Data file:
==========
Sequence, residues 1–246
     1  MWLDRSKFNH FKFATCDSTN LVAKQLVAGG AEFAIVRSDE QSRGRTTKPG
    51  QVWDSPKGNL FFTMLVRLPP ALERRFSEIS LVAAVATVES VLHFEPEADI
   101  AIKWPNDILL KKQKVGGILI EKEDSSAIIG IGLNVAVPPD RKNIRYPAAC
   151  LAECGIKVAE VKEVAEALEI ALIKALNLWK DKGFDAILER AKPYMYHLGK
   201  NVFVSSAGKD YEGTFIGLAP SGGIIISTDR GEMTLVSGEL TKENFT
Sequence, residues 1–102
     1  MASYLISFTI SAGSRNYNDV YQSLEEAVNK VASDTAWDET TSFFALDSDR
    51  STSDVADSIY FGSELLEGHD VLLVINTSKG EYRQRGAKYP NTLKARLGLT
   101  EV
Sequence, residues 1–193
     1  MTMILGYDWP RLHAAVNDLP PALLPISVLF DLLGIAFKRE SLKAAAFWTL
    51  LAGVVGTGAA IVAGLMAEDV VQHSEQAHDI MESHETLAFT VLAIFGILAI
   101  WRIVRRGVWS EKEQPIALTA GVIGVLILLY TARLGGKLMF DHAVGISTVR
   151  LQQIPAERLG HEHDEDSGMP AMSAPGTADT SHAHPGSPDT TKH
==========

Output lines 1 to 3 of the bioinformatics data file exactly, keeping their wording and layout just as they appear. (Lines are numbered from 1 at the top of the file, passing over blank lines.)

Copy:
Sequence, residues 1–246
     1  MWLDRSKFNH FKFATCDSTN LVAKQLVAGG AEFAIVRSDE QSRGRTTKPG
    51  QVWDSPKGNL FFTMLVRLPP ALERRFSEIS LVAAVATVES VLHFEPEADI